First, the difference between a decorator and an interior designer is usually education and approach.  An interior designer usually has the education in design that teaches them to look at the whole of a project.  Interior Designer's consider the spaces that they will be affecting from the blueprint to the final accessory and how everything relates to the whole.  An interior designer reads blueprints, understands basic electrical plans, plumbing, and kitchen and bath design.  An interior designer understands space planning and traffic flow, furniture placement and the importance of layering in the rest of the details that will complete the space.  A decorator will help pick colors, and help with adding decorative elements to a space.  Decorator's have their place, but if you want help in managing a project, an interior designer can save you stress and money.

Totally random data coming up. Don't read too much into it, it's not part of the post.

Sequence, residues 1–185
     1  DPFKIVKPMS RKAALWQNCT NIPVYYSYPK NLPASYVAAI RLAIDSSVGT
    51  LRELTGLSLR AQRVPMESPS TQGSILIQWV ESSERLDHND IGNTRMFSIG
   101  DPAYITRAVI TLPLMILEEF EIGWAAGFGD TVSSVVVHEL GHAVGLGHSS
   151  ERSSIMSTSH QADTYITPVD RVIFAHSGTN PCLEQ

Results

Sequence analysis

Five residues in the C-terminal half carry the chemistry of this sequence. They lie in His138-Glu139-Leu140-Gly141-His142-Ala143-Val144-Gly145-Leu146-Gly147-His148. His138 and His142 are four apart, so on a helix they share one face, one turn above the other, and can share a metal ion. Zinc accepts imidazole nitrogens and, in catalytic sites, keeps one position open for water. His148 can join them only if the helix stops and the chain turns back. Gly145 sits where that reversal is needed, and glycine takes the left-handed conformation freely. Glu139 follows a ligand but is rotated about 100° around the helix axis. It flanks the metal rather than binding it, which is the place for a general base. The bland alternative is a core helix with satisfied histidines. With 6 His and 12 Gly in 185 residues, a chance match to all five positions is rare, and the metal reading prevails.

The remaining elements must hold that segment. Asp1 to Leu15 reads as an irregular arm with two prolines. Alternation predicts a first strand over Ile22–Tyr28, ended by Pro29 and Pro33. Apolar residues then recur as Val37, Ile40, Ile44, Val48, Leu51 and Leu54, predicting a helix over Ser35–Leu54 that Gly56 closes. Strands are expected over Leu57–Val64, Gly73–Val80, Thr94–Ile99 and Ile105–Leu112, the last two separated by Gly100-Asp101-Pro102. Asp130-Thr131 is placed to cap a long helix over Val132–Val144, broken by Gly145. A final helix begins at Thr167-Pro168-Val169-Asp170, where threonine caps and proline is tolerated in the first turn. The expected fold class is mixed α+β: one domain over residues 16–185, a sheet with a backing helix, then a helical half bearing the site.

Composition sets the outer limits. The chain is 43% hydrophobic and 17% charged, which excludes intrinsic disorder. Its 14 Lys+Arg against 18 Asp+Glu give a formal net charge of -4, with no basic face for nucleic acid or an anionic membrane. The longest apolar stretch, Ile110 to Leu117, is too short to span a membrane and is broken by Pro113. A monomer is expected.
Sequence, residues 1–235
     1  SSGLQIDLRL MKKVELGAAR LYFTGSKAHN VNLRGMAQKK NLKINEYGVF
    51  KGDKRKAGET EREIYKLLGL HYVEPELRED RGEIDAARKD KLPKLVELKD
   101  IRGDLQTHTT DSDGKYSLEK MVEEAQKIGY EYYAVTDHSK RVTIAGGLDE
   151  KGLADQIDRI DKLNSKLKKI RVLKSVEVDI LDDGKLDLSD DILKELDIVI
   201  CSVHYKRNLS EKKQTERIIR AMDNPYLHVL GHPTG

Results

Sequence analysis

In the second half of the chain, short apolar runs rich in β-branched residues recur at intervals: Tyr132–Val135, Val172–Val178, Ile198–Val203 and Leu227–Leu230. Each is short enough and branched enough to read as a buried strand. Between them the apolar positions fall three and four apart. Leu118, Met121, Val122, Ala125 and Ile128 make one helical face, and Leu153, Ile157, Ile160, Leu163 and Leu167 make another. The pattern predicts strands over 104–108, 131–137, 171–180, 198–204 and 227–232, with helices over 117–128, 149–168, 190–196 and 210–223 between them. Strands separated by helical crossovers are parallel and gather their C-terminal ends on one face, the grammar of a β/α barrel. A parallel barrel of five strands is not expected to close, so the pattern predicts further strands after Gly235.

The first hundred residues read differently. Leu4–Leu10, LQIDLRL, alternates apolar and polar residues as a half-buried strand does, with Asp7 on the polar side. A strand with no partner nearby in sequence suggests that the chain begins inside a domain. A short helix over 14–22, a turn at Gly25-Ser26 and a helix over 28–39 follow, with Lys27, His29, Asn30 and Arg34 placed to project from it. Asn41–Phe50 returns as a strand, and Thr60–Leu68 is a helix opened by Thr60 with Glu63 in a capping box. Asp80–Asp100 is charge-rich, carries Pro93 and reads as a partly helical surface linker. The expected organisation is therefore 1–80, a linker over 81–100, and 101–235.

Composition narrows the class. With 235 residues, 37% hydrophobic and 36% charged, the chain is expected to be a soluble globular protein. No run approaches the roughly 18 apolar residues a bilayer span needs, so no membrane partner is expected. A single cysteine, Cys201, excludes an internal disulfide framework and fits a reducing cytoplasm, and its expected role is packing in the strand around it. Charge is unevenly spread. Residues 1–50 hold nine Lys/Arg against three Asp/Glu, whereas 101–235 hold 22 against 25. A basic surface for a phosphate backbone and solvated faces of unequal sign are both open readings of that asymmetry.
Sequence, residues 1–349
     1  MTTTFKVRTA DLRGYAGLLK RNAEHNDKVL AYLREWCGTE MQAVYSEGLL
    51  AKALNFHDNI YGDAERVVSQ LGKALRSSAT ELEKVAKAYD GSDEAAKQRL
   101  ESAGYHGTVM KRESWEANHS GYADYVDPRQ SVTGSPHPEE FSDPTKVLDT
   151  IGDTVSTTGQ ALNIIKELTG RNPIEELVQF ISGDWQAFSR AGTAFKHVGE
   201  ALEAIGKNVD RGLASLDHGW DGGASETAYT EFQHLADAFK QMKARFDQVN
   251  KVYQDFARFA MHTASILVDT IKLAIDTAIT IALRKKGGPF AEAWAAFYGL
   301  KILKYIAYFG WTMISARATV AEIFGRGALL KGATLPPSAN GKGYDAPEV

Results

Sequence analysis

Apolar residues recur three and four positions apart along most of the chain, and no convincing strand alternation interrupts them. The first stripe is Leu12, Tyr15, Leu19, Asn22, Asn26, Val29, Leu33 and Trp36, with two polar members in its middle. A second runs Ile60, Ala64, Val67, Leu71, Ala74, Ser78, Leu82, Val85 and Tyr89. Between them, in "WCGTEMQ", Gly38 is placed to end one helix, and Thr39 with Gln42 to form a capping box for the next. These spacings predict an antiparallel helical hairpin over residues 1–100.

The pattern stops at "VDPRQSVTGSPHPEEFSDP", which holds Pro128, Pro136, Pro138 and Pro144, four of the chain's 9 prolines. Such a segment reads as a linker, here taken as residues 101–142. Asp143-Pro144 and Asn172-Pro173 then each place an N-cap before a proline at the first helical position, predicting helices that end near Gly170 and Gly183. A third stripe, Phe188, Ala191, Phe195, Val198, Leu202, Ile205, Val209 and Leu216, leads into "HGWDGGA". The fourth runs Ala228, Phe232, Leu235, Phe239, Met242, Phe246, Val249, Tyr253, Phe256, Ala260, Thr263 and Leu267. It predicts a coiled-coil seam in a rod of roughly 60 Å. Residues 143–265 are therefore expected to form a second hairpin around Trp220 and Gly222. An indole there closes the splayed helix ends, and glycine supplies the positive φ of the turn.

The following guide should help:

 Simple Steps for Selecting an Interior Design Professional

1. Be sure to look for someone who is easy to talk to. Regardless of the magnitude of your project, you’ll want to know that your designer is approachable.

2. Ask prospective designers to show you samples of their work. A portfolio, a Web site, a studio and client referrals often work in concert to illustrate a designer’s personal style.

3. Ask if they are involved in a professional interior design association. Ask what appellation they carry. This will help you determine where they stand within their industry.